Ensembling A Story

Stanford Story Slam

Over the past week and a half, I’ve been participating in the Stanford Story Slam with several members of MUG, my writers’ group. You can check out what we’re working on here. The deadline is in three days, so after a few more edits, we’ll be submitting. Wish us luck!

The challenge is to write a story, collaboratively, of no more than 1,000 words using the prompt: There are over 15,000 bikes used by students, staff, and faculty to get around Stanford campus. Over 300 bikes are stolen each year. Where do they go?

First we brainstormed over email. Each of us came up with at least one idea. We all voted, first for our top two favorites, and then we narrowed it down. We didn’t use my idea for the contest but I entertained myself quite a bit writing it, so I thought I’d share:

**The bicycles are stolen by homeless people. Two sects of homeless people, who meet in two camps on opposite sides of town once each year. One group is an underground ring of vices – the homeless beg enough money to buy drugs and alcohol and trade up with each other. The other group is Shenanigans. They are homeless because they’re free, and they get together to make merry in their own form of cycling circus. There are relay races and wheelie popping tournaments and the Grand Sand Painting, in which cyclists trail swirls of colored sand behind them as they ride, building a collaborative picture. Usually these camps operate independently of each other, but this year… well, here’s the thing. The Cycling Vices are tired of stealing their own bikes, and they think it’d be much easier to just run over to the Shenanigans and steal theirs. Initially all hell breaks loose, especially since the circus crowd easily hops on their bikes and cycles away. But the Shenanigans have heard colored cocaine makes finer detailing than colored sand, so eventually they cut a deal. They give half their bikes to the Vices in exchange for a sturdy supply of coke, which they then dye and go on to use in creating the best Grand “Sand” Painting yet.**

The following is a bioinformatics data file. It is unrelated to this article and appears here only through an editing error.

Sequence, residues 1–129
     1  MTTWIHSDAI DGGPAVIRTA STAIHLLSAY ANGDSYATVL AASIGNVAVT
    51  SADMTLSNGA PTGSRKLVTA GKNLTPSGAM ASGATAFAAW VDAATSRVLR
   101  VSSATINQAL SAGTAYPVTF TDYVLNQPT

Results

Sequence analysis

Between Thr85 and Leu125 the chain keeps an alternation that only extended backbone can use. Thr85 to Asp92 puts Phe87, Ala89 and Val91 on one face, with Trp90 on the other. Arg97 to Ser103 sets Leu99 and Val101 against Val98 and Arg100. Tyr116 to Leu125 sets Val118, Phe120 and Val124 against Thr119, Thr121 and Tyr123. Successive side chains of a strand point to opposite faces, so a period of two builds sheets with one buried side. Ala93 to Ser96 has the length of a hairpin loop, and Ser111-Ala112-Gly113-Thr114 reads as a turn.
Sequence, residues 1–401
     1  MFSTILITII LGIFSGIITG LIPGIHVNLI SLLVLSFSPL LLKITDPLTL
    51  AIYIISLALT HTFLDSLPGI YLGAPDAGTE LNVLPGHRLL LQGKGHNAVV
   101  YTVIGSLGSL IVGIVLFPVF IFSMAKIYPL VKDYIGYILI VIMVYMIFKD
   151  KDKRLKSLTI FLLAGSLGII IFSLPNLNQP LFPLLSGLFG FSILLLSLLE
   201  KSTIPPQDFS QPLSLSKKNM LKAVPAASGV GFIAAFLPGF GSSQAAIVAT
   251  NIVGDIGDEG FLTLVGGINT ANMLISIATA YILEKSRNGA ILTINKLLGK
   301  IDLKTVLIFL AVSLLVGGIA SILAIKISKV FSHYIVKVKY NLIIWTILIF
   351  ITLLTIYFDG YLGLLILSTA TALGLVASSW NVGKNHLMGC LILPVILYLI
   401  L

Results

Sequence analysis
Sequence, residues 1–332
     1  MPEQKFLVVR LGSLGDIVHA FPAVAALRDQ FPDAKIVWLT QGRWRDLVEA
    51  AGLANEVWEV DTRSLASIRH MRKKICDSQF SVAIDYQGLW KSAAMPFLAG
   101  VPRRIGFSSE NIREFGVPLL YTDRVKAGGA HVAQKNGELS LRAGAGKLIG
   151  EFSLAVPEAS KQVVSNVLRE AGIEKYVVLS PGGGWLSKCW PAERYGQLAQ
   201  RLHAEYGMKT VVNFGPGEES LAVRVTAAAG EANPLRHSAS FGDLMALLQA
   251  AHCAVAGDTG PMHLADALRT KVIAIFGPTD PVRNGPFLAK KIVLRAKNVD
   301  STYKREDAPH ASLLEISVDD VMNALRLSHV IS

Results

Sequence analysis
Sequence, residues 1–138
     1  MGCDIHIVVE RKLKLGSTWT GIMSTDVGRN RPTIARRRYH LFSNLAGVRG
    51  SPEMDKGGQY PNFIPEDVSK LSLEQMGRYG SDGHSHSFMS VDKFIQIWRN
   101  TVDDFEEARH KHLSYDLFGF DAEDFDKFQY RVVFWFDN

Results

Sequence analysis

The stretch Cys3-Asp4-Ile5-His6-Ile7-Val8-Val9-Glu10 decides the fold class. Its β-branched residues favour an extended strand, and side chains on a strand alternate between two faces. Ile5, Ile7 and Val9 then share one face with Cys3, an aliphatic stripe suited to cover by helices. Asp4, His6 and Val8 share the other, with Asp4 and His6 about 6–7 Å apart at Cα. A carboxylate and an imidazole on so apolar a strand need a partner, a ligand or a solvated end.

Someone suggested breaking the synopsis into four parts, and we each picked the one we wanted to write. We’re a flexible crew, otherwise that might not have worked! I started writing and ended up with over 300 words – it probably took me twice as long to edit it down as to write it, and I was still slightly over my 250-word mark.

We video chatted twice, once before we started writing and once after we had each made comments on all the sections. We actually went through the story line by line, nitpicking cadence, streamlining themes, and jiggering our word count. Perhaps because we’ve been in a writing group for the past three years, we work really well together.

On that note, I am very much looking forward to my writers’ group Retreat next weekend! We will trade prompts, try out writing exercises, chat about writing, and feed off of each other’s creative energy. I have found a plethora of information on query letters via the internet, and must revise, revise, revise. I’ll pass out my query letter at the Retreat, facedown like they did tests in elementary school, have everyone flip the papers at the same time, and give them a short period to read. Like 30-60 seconds, because I’ve heard agents decide yay/nay in that time. I’ll ask for gut reaction feedback, and then I’ll ask them to take a bit longer to look it over and offer comments. I’m also submitting the first five pages for their perusal. And I’m furiously rewriting the ending, because with a new ending I may have a whole new query letter!